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Canceled events, performances take a mental toll on IU artists



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A piece of art depicting a storefront in Tokyo, Japan by freshman Vika Terrill is pictured. Courtesy Photo

Following the statewide stay-at-home order, artists at IU reflected on the changes their art went through during that time.

Trevor Sell, a freshman contemporary dance student at IU, began dance classes more than a year and a half ago before auditioning in March for IU’s program. Once everything began to shut down in March, his studio went online and held Zoom meetings twice a week. 

Like many other high school seniors, Sell’s season unexpectedly came to an end due to the pandemic. 

“After the second week, my dance teacher notified me and the other three seniors that our dance season was over and that we were no longer having any rehearsals, and so that just kind of crushed me,” Sell said. 

Following the announcement, Sell said being out of the studio affected him both mentally and physically. 

“It really brought me down in all aspects, not just the aspect of I’m not able to be in the studio,” Sell said. “It was a big part of my life, or something that I had made a big part of my life, that was just taken away from me.”

Freshman Luke Swain said he felt similarly. Swain, an economics major,became involved with ceramics in high school before branching out to drawing last year. 

“The doom and gloom of everything happening kind of just sucked my drive to do anything,” Swain said. 

In the past, Swain said he would typically work on an art project on the side on top of what he was assigned to do during class, but stopped during the stay-at-home order. 

“I had all this time to actually get stuff done, but yet, I felt like it was almost impossible,” Swain said. 

Freshman Vika Terrill, however, took advantage of all of the extra time. Terrill is an exploratory student who also draws and paints in her free time. Terrill said she has been drawing nearly all of her life, and began branching out to painting last year when she had an abundance of paint supplies.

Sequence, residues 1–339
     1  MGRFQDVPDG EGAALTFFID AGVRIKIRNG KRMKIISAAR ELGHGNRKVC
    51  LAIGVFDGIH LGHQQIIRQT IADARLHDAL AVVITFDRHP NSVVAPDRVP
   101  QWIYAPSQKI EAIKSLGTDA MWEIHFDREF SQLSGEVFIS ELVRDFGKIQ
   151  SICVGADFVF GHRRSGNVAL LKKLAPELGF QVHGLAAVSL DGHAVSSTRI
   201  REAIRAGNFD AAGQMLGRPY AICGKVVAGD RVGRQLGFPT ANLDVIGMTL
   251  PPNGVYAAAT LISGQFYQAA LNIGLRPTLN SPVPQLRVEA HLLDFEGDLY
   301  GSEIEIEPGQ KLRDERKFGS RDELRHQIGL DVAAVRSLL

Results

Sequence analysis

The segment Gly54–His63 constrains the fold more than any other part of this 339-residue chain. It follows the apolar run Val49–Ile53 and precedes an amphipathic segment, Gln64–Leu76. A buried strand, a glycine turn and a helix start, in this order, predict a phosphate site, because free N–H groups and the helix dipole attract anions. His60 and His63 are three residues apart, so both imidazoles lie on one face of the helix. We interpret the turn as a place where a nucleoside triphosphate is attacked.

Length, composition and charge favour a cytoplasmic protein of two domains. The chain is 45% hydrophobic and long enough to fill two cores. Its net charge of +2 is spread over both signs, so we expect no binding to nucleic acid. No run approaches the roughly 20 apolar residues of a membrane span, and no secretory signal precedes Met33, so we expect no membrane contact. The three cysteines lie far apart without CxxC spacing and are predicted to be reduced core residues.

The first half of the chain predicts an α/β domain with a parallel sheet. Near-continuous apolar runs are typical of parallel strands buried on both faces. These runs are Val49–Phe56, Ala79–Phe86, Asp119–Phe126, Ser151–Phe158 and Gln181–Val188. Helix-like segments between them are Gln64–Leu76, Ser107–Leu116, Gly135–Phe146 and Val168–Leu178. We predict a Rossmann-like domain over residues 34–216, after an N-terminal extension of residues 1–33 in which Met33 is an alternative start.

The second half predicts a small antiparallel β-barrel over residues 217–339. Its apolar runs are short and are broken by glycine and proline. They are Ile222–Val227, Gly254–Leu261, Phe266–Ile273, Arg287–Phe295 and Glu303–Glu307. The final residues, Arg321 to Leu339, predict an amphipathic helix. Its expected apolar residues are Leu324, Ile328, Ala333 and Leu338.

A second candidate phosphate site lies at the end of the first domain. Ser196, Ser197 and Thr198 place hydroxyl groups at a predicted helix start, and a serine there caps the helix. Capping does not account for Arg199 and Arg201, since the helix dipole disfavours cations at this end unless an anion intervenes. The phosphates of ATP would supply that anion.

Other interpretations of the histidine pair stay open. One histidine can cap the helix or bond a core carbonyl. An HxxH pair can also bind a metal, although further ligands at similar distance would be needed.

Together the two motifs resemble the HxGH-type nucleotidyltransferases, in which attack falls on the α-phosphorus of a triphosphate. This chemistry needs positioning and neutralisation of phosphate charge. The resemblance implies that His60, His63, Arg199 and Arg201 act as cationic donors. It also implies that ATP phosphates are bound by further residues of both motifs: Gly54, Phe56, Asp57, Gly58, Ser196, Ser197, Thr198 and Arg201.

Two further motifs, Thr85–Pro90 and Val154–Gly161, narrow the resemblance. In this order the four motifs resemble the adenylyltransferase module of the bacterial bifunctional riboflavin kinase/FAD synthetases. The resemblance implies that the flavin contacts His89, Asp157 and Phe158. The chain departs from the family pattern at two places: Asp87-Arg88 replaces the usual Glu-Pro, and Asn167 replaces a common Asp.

“It gave me a lot of free time, so I was able to draw and paint a lot more, so it probably actually motivated me even more to just keep doing it,” Terrill said. 

The extra free time allowed Terrill to dedicate more time to improving her artwork, so she kept getting better throughout the stay-at-home order, Terrill said. 

“It was just something I could do and it was consistent, you know, everything else was kind of shut down and changing, but my art was the one consistent thing,” Terrill said. 

Following the stay-at-home order, both Sell and Swain were able to find notable differences in their artwork and what inspired them to create. Swain said he personally had a change in focus when it comes to art. 

“In the past, I was definitely more focused on things revolving aroundthe elements of art itself,” Swain said. “Now I’m just more I think interested in ideas and themes.”

Reflecting on the past few months, Sell said his flexibility noticeably decreased, but he is now able to channel all of his negative emotions from the canceled events into dance whereas he use to pull emotions from other experiences such as his sexuality, the community he was raised in and family situations. 

"Through quarantine, I think my body is, like I said, it's very tight," Sell said. "It's not as loose as it used to be and I kind of just embrace that tightness and it's no longer about getting my leg all the way up here and having the beautiful technique. It's about using the grunginess and the tightness to express a hard time that I think everyone experienced.”

As life returns to normal, Sell was able to find some positives. 

“The one thing I can confidently say is it gave me a lot of time to self-reflect and to take time for me and really get into the mindset of college because I hadn’t really thought about it a lot because I was constantly focused on school and dance,” Sell said. 

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